Here’s what ICA thinks. “Individual cooperatives are focussed on meeting the needs of the people they serve and running their business. It is the role of the national bodies and the ICA to undertake activities which will support cooperatives in the long-term.”
Well, maybe. If it’s going to happen at all, it will require ten thousand seeds germinating. There’s a place for everybody, room for anybody who wants to accept the 2020 Challenge. This includes the “national bodies and the ICA.” They are well-meaning but, in Canada at least, they’ve been less than effective at stimulating markets or public policy into co-op alignment.
So the who isn’t entirely clear at the moment, though our nomination is on record.
As to how, here’s Accelerator’s action plan to make Canada a co-op nation by 2020:
First, embed the cooperative summit in Quebec City as a biennial mix of the best and brightest of the co-op sector with global opinion leaders and decision makers. The inaugural event last year was a resounding success, attracting thousands from around the world. The international movement gains by establishing a “Cooperative Davos” and the spotlight it shines will beam brightly at home.
[UPDATE 1/9/13: ICA confirms that its Board has agreed ("unanimously") to co-host the Second International Co-op Summit and that "Desjardins is moving forward positively on a follow-on in Québec City in October 2014." It would appear that the first part of the action plan is well underway. It remains for Canada's co-op sector to make maximum use of the opportunity.]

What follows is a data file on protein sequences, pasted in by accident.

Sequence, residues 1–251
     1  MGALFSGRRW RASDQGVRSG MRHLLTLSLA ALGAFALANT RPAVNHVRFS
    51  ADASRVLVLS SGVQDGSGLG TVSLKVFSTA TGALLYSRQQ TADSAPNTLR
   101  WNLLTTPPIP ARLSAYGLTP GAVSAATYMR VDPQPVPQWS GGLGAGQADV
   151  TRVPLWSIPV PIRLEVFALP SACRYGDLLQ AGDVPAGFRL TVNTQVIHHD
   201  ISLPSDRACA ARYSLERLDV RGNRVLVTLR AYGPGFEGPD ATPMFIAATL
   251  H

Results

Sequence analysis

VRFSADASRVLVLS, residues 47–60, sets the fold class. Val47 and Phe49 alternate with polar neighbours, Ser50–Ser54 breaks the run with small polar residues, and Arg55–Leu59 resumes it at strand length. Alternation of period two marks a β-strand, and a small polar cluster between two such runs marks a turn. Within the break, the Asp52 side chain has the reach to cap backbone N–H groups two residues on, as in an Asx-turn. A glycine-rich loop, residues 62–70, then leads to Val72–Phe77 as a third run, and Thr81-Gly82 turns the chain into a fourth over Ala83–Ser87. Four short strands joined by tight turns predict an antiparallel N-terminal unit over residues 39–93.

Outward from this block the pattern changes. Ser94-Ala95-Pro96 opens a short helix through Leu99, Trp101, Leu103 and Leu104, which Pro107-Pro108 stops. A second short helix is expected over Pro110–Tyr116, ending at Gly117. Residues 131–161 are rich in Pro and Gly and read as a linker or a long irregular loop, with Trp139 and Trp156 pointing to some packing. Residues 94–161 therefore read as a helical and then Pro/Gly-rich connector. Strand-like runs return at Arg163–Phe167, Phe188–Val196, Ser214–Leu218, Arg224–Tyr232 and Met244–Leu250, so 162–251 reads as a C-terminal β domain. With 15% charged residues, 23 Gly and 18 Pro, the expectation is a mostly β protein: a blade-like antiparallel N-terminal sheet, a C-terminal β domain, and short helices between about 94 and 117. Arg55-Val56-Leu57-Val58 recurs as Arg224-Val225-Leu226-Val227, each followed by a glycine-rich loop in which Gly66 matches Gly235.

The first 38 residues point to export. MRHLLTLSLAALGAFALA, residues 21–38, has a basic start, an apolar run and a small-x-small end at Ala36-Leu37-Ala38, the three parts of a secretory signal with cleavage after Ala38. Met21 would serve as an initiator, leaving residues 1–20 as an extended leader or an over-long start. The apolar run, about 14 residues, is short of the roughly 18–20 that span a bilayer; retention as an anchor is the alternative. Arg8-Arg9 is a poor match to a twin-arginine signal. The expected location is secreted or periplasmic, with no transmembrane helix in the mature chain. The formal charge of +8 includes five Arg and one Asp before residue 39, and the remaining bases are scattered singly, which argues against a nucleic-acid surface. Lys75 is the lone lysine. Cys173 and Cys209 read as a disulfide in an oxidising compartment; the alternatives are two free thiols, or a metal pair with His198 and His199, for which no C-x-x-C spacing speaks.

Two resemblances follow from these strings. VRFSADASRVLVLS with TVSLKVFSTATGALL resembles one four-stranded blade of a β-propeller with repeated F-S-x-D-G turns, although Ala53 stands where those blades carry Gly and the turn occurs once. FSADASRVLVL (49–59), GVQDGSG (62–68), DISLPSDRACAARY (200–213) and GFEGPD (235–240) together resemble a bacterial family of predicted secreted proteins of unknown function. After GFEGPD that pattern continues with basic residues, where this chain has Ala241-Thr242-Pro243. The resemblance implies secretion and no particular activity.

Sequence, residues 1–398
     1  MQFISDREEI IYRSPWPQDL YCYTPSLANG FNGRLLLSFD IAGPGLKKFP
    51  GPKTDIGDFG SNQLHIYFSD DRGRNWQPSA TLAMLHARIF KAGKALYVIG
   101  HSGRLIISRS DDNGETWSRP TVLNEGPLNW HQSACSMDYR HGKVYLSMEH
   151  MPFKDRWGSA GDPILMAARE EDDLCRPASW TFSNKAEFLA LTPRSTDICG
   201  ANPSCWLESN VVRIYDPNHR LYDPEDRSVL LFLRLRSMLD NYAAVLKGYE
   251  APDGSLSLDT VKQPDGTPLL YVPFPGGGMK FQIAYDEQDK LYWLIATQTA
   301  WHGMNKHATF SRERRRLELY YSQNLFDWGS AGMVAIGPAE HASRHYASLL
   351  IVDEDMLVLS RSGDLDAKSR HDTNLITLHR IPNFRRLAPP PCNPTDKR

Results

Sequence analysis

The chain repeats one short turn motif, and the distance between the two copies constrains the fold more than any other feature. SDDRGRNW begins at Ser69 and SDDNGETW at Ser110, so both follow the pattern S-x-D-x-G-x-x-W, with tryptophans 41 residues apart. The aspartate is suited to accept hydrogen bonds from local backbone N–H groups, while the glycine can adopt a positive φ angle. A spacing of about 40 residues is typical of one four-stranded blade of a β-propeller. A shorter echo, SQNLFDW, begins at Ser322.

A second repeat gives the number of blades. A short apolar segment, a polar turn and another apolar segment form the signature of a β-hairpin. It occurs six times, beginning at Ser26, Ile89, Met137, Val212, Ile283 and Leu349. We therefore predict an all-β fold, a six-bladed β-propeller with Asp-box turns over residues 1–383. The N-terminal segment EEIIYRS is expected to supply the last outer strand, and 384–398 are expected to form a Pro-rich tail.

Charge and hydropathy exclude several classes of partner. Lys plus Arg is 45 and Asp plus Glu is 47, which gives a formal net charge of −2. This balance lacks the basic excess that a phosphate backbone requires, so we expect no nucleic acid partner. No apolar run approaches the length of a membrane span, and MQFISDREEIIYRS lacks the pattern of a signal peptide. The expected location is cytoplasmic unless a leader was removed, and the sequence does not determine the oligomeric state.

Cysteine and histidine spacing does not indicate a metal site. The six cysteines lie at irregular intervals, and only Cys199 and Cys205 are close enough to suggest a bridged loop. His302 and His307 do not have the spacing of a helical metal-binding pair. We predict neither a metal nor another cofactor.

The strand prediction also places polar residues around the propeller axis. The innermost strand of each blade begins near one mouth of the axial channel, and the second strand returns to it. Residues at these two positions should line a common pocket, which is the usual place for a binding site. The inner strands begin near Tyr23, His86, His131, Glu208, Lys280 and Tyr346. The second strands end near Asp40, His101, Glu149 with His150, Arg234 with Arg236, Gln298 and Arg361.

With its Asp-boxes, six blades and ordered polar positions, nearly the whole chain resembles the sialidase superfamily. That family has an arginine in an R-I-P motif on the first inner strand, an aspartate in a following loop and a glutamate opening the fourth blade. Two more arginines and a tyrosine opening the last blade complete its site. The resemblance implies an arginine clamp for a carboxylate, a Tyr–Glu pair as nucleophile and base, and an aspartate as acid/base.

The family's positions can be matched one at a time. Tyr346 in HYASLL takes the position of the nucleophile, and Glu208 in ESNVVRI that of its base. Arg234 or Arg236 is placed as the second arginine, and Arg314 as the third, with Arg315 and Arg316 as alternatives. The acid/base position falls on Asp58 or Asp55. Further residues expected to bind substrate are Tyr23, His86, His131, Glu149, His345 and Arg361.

Second, compile a needs and wish list. What do co-ops really want? Priorities would be set through an intense consultation process.
Third, establish a new and highly visible coalition of cooperatives. This would not replace anything but be an addition to what now exists. Its focus would be on government. All associations and major enterprises, including Ag, Mutuals, CUs, CCA, CHF and Quebec equivalents would be invited to join the coalition and help deliver high level contributions to current policy questions and, when appropriate, speak to power with a united voice on behalf of members.
Fourth, multiply capital ambitions 10X. The $20 million fund that is currently being promoted within the movement is a paltry sum. There’s talk about maybe, someday, raising it to $40 million. It just advertises how small the ambitions are. Three years ago, when the now-doomed Cooperatives Secretariat convened a policy forum for cooperators from across the country, the consensus was for a Cooperative Development Fund “starting at $70 million.” If any part of the hope for co-op development is that it show up on the economic system’s radar, $200 million is about the minimum. A quarter billion would be even better. That’s what it cost recently to renovate the Museum of Nature in Ottawa. It’s little enough on the scale of things today.
Fifth, firm up alliances with labour, first nations, territories and look for others with similar objectives and values (environmentalists, immigrants).
Sure it’s a handful, this action plan. But the movement has set a great challenge--to get government to level the playing field so that co-ops can be more fully integrated into the larger economy. If we’re going to be serious about it, a full hand is what we want to play with.
Tony Patterson lives in Ottawa in a boutique housing co-op called Catalpa. This is where his interest in the world of cooperatives originates. He kicked up his participation a level once the UN declared 2012 the Year of Cooperatives. In July 2012 he wrote Catalpa's submission to the House of Commons Special Committee on Cooperatives. In October 2012 he was a participant at the IYC International Summit of Cooperatives in Quebec City, and also at the preliminary IMAGINE conference on co-op economics. That same month he launched CO-OP CANADA ACCELERATOR, the blog about communications and community engagement. He loves Quebec City, where his first European ancestors landed almost 350 years ago.